The uncertain and marginal concept of race, applied mostly to animal breeding and noble lineages and used interchangeably with terms such as stock, breed, type, variety, or species, began to assume a more definite and recognizably modern meaning when it began to be applied to extensive and distinct populations whose differences could be located primarily in the body and secondarily in cultural habits, history, language, religion, and characteristic behaviors. The most decisive of the early steps toward modernity in this sense were taken by Carl von Linné (Linnaeus), a classificatory genius who established the principles and many of the categories that order scientific knowledge today.
Convinced that the world was regulated by a hidden God-given order, with each group constituting a separate thought in the mind of God, Linnaeus undertook an immense inventory of all living things, introducing Latin binomial nomenclature as a way of making knowledge systematic, comprehensible, and easily retrieved. He devoted his life to this vast project, devising classificatory systems for thousands of plants and animals, even extending his researches to other areas such as minerals, diseases, and clouds. First published in 1735, Linnaeus’s major work, Systema Naturae, was an extraordinary innovation, both immensely influential and controversial.
The most delicate problem Linnaeus confronted was the place of man. Any attempt to position humankind in the natural order ran against the grain of the Christian tradition, which attributed to mankind both a divine soul and dominion over the beasts. In the 1735 edition, Linnaeus finessed this difficulty by positioning mankind in the order of nature, and therefore subject to the same kind of scrutiny as other animals—but not precisely of it. Homo was listed as a species within the genus Anthropomorpha, but while the other members of this genus—monkeys and sloths—were defined by particularities of their teeth and fingers, Homo was defined simply by the Greek motto Nosce te ipsum, or “know thyself.” Homo was divided into four subdivisions based on geography, with separate groups in Europe, America, Asia, and Africa.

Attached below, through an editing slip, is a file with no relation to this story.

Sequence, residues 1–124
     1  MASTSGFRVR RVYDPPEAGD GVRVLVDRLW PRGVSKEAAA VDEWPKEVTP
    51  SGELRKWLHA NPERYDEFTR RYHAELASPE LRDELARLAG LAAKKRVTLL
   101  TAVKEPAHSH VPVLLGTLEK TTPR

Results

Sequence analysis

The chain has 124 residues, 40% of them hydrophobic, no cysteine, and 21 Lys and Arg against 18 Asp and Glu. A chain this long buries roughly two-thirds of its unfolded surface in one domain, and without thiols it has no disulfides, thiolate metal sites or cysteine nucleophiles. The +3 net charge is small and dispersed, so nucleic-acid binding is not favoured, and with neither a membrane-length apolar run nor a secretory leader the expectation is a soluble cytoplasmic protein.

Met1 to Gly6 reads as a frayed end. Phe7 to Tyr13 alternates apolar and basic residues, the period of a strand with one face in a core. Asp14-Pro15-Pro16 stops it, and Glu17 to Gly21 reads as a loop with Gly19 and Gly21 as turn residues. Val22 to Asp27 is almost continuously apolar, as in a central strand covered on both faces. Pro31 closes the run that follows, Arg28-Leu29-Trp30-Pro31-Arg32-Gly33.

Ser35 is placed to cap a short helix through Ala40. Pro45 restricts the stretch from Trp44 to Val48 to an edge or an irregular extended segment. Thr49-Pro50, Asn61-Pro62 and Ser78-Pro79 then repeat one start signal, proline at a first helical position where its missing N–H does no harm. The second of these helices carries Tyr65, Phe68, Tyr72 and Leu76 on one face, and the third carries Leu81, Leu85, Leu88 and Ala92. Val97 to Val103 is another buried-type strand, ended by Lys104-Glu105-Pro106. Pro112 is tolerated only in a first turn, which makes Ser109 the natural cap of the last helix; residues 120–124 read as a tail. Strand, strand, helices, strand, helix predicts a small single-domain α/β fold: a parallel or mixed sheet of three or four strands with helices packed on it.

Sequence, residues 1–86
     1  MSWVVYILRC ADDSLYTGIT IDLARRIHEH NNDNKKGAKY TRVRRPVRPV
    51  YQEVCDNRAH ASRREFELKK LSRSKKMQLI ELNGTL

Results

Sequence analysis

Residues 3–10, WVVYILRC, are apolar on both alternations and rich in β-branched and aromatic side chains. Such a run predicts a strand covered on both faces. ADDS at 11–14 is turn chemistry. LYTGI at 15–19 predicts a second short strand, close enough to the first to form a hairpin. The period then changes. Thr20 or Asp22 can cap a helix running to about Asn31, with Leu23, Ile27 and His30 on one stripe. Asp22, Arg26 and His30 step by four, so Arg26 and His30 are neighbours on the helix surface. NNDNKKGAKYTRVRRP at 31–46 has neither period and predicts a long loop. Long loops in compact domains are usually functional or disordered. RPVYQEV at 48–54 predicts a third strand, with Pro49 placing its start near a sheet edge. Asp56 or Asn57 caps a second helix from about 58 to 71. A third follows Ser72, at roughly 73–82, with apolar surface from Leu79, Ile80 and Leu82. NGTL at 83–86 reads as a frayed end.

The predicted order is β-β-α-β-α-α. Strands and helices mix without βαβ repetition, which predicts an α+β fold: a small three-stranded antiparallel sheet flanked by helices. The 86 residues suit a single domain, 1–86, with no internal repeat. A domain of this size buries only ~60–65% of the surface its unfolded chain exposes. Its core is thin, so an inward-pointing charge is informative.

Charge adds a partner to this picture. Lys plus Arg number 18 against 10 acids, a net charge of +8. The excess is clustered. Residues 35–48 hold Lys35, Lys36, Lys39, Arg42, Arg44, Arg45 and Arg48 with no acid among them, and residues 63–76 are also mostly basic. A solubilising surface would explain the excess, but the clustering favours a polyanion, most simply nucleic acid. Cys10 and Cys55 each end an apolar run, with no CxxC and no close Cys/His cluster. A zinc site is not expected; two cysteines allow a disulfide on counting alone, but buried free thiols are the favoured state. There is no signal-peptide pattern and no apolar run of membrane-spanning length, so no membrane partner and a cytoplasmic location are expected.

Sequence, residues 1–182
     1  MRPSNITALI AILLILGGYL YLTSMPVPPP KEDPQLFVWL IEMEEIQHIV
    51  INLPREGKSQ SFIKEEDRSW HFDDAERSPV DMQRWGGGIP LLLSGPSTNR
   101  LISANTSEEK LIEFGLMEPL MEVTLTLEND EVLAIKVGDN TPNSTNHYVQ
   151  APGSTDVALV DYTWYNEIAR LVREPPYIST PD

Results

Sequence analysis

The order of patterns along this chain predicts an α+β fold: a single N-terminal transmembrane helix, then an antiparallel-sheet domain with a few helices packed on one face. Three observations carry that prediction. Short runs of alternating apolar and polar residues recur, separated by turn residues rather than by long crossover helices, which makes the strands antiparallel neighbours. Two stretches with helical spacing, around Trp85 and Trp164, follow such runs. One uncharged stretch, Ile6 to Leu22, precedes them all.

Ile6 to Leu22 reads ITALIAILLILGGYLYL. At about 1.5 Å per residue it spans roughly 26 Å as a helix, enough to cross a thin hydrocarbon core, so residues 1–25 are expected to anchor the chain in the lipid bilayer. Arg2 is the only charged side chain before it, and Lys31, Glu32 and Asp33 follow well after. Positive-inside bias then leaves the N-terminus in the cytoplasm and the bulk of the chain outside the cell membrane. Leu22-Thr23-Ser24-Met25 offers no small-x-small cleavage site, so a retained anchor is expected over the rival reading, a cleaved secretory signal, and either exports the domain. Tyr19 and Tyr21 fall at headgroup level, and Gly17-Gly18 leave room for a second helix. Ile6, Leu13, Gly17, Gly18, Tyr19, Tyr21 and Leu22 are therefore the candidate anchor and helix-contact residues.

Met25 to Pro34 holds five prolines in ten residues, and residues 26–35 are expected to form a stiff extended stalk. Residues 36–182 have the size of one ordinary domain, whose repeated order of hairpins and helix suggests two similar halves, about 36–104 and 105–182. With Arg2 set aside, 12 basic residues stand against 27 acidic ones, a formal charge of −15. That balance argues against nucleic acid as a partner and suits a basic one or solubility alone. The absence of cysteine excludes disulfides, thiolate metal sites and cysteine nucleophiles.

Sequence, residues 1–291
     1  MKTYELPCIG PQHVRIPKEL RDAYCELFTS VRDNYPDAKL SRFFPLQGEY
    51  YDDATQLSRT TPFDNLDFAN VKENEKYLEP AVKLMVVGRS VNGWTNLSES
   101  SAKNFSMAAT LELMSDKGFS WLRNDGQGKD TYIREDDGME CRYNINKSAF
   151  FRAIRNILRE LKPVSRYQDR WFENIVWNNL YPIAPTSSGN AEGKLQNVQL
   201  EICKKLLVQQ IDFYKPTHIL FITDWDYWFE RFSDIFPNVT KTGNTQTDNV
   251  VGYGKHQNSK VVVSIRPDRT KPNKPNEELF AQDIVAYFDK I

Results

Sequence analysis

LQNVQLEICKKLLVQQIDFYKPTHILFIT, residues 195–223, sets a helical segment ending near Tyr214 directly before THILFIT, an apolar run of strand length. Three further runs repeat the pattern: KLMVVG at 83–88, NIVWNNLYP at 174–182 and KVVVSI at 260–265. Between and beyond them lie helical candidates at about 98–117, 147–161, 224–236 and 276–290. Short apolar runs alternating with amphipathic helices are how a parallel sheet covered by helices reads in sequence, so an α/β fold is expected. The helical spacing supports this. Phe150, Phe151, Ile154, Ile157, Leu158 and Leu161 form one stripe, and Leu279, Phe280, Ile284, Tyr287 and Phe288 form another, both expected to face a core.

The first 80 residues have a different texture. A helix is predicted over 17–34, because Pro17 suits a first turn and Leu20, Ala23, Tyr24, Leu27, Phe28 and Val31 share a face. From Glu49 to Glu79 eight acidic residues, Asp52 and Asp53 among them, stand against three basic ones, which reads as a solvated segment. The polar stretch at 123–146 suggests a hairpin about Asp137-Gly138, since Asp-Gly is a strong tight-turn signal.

To this four-part scheme was added Paradoxa, which included such unconfirmed oddities as a Satyr, “with a tail, hairy, bearded . . . with a tendency toward gesticulation, extremely lascivious.” His commitment to rationality and science notwithstanding, Linnaeus was still living in a world in which traveler’s tales, which were generally exaggerated when not wholly fictional, were taken seriously. In 1749, he went earnestly in search of a mermaid said to be stranded on the coast of Denmark. He failed to find her, and by the tenth edition (1758) of Systema Naturae, many other reports of fabulous creatures had also been discredited, with the result that he was able to produce an entirely reformulated system in which Homo—now become Homo sapiens—was placed firmly in the natural system.
In this edition, mankind is positioned not among the Anthropomorpha but within the “Animal Kingdom” as the first genus in the Mammalian order, alongside Simia, a group that included monkeys, apes, lemurs, and bats, all characterized by their teeth and “lactiferous teats.” Defined by the ability to form a consciousness of one’s own existence, and distinguished from other primates not by bodily form but by the faculties of speech and reason, humankind is now seen as an object as well as a subject of knowledge. To the four geographical regions in which subgroups of Homo were to be found, Linnaeus added the further dimensions of color (white, red, dark, and black), and the four temperaments or “humours” identified by Hippocrates, with Europeans being sanguine, Americans (Indians, or Native Americans) choleric, Asians melancholic, and Africans phlegmatic.